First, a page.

Education Matters—Sanford School's Private School Blog

Advice for Students Beginning their Freshman Year in High School

Posted by Olivia Civiletti on September 8, 2017 at 11:30 AM

While exciting and hopeful, beginnings can also be frightening and uncertain. A student’s freshman year of high school is one of those hopeful, yet undetermined beginnings. You can be anything and do anything which is as much daunting as it is exhilarating. The next four years will help prepare a student for whatever the future holds, so it is very important that it go as smoothly as possible. With awareness and foresight, all of the stress of beginning school can be replaced by the excitement and joy it deserves. To ease the transition from middle to upper school, incoming freshmen should try:

JOINING A FALL SPORTS TEAM

Participating in a fall sport such as volleyball, field hockey, soccer, or cross country means coming to school a few weeks early for fall preseason. This bonding through sports practices makes the transition from middle school smoother as it gives students a head start getting to know people before school gets too busy. Preseason offers a few stress-free, fun, and hard-working weeks in which to get to know some of the other high schoolers. Students also get an opportunity to form a bond with an upperclassman who can give them advice about school.

Joining a few clubs
Joining clubs is a great way for freshmen to quickly get involved in the school’s community and a great way to meet like-minded people. By participating in a club that reflects the student’s interests, he or she is more likely to meet people who have similar interests and values. Clubs are also an excellent opportunity to gain leadership experience. Students can spearhead a club’s project or become part of the leadership of the club itself. These leadership positions sometimes help a college application as it allows colleges see how students apply themselves outside of the classroom.

Going to teachers for extra help
Believe it or not, teachers actually want to help their students as much as they can and want them to achieve all that they are capable of. If the freshmen year classes quickly become harder than expected, students should absolutely approach their teachers for extra help. Whether it be explaining a concept in more depth, doing practice problems, going over a test, or discussing the possibility of dropping the class, teachers are always more willing than students think they are to help the students succeed.

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Topics: Education, Academics, Health & Wellness

List of Back-to-School Essentials

Posted by Olivia Civiletti on August 25, 2017 at 11:30 AM

It’s that time of year! Though I am not talking about the holidays, the beginning of a school year also means a lot of shopping for parents. With the impressive amount of tasks that need to be accomplished, coming up with a comprehensive list of all that needs to be purchased for the upcoming academic year is something that most parents just don’t have time for. Here is a basic list to help guide any parent and child in their search for school supplies.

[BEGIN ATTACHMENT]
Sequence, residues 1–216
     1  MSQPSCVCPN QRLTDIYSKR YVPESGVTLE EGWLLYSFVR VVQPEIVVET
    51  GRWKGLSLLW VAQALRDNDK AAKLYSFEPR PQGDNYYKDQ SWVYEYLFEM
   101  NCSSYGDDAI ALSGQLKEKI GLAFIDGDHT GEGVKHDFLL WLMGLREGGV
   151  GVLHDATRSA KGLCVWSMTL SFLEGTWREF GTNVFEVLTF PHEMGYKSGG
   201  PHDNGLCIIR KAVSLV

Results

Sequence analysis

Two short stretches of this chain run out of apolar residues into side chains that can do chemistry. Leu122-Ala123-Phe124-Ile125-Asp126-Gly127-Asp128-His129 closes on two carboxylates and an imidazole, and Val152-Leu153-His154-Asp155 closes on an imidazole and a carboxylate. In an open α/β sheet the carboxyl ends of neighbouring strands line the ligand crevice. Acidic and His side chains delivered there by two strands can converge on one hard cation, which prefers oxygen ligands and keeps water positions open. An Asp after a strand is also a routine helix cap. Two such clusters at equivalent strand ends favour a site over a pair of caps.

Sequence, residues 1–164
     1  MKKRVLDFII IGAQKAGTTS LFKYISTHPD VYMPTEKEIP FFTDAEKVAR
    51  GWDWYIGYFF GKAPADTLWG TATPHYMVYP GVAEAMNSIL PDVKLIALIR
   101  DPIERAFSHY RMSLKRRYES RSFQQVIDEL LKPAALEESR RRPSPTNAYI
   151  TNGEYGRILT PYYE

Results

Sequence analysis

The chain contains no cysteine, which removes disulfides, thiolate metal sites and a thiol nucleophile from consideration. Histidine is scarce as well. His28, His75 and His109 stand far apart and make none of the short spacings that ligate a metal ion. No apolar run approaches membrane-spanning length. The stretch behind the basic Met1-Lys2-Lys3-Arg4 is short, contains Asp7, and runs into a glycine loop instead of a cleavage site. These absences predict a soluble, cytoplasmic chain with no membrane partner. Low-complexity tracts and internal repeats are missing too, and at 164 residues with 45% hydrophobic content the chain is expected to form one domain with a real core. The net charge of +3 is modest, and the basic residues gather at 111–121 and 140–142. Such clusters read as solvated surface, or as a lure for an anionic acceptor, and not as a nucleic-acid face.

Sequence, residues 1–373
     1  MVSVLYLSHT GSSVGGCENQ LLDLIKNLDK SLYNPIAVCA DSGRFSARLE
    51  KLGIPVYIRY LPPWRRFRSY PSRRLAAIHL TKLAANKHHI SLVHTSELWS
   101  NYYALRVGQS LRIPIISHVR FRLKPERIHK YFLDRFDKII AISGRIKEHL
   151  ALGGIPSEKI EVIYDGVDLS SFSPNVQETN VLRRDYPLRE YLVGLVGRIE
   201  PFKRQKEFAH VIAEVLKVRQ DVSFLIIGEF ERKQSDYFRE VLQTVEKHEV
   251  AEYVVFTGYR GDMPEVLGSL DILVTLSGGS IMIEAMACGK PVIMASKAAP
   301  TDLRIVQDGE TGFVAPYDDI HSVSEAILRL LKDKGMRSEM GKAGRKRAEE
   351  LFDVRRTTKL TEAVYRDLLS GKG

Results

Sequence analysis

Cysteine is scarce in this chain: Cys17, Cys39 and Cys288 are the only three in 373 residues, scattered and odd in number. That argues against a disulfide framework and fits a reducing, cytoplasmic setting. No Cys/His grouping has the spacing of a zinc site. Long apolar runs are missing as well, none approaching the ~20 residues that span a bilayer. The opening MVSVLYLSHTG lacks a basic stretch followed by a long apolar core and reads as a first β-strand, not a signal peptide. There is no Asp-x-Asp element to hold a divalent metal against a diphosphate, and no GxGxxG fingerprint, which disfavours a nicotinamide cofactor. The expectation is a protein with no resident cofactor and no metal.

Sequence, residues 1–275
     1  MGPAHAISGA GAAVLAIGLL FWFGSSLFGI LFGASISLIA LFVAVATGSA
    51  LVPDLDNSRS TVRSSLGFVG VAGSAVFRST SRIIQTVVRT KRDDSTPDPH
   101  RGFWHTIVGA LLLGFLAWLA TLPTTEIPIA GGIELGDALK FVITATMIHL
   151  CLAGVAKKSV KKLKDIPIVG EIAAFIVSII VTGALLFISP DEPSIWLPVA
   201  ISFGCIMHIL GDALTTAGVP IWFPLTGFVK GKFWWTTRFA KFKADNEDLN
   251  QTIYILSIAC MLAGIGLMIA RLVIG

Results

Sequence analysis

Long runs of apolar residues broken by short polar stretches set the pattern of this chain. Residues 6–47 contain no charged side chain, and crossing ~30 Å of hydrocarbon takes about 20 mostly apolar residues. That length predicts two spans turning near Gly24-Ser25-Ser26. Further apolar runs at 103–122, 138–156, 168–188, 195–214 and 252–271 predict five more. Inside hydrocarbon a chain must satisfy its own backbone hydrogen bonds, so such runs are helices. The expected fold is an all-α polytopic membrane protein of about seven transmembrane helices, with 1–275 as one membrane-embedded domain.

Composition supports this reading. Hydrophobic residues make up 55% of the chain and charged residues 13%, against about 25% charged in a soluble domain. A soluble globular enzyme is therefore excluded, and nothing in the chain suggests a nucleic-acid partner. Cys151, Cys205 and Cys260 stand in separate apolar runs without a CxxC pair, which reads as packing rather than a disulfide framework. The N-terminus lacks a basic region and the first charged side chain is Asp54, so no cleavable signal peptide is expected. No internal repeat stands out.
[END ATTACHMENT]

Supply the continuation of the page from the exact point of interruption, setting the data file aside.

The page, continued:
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Topics: Academics, Health & Wellness, Parenting Tips

Summer Programs: the Learning and Fun Continues Beyond the School Year

Posted by Olivia Civiletti on June 19, 2017 at 5:30 PM

As the school year comes to a close and the end-of-school events fill every waking hour, it can be easy to forget what lies ahead. While the children are getting more and more excited to have three months with no obligations, the parents see the inherent danger in the situation: the kids will be joyous for the first two hours of their newfound freedom and lamenting about their boredom for the rest of the time. Rest assured, this parental dread of summer is not uncommon or unrectifiable. It is a simple matter of planning things for your children to do. To the parents who want to avoid three months of television watching for their children, fear not; here are a few programs to help keep your child engaged over the summer.

On Fridays throughout the summer, the Delaware Museum of Art offers a “Glory of Stories” event in which children ages two and older can go and be read a book, tour some art relevant to the story, then complete an art project. This is a great time for your child to explore creatively, be exposed to all kinds of professional art, then create some art of their own. This fun Friday activity is an awesome weekly opportunity to get out of the house and seek different cultures close to home.

To a child looking to try something new, Wellspring Farm holds a summer riding camp from June 12th through August 14th for all children 6-13 even remotely interested in dabbling in this craft. The children will do things such as receive basic riding instruction, work on their balance, learn about the anatomy of horses and how to care for them, play games, and do crafts. This program teaches children how to be safe with a large animal and bond with their peers and the horses. The week is concluded with a horse show for the children’s family and friends. The children do not have to have any experience riding to participate and will be mentored by the older riders who have more practice and wisdom.

From June 31st through August 4th, the Brandywine River Museum of Art has a camp which offers children ages 9-14 the opportunity to explore their interests in both nature and art. The camp emphasizes exposing the parallels between the beauty of the outdoors and the beauty of painting. They will observe patterns in nature and try to mimic them in artwork of their own. This is an opportunity for intellectual, personal, and social growth and offers opportunities to be exposed to the artwork at the museum.

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Topics: Education, Summer, Health & Wellness

Why are Sports Important to Your Middle School Student?

Posted by Shannon Helmecki on April 26, 2017 at 6:44 PM


Over the last twenty years working with Middle School athletes, I have learned the value of keeping kids active and instilling the importance of lifetime sports at a young age. Often, the lessons learned off the field are greater than the skills and strategies of the game. Many times, these life lessons are so much more impactful than just reaping the benefits of exercise.

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Topics: Athletics, Health & Wellness

Learning Outside: Connecting Children with Nature

Posted by John Bell and Patrick Martin on April 19, 2017 at 5:01 PM
 


Spring days inspire so many of us to get outside and enjoy the fresh air and sunshine. School sports move outside, while playgrounds and parks become alive with families enjoying time together. Many studies also prove that there is a positive educational benefit of connecting young learners with nature. Author and Early Childhood educator from the Yale Child Study Center, Erika Chrstakis states, "Active learning, and especially outdoor play in nature, is essential to healthy human development."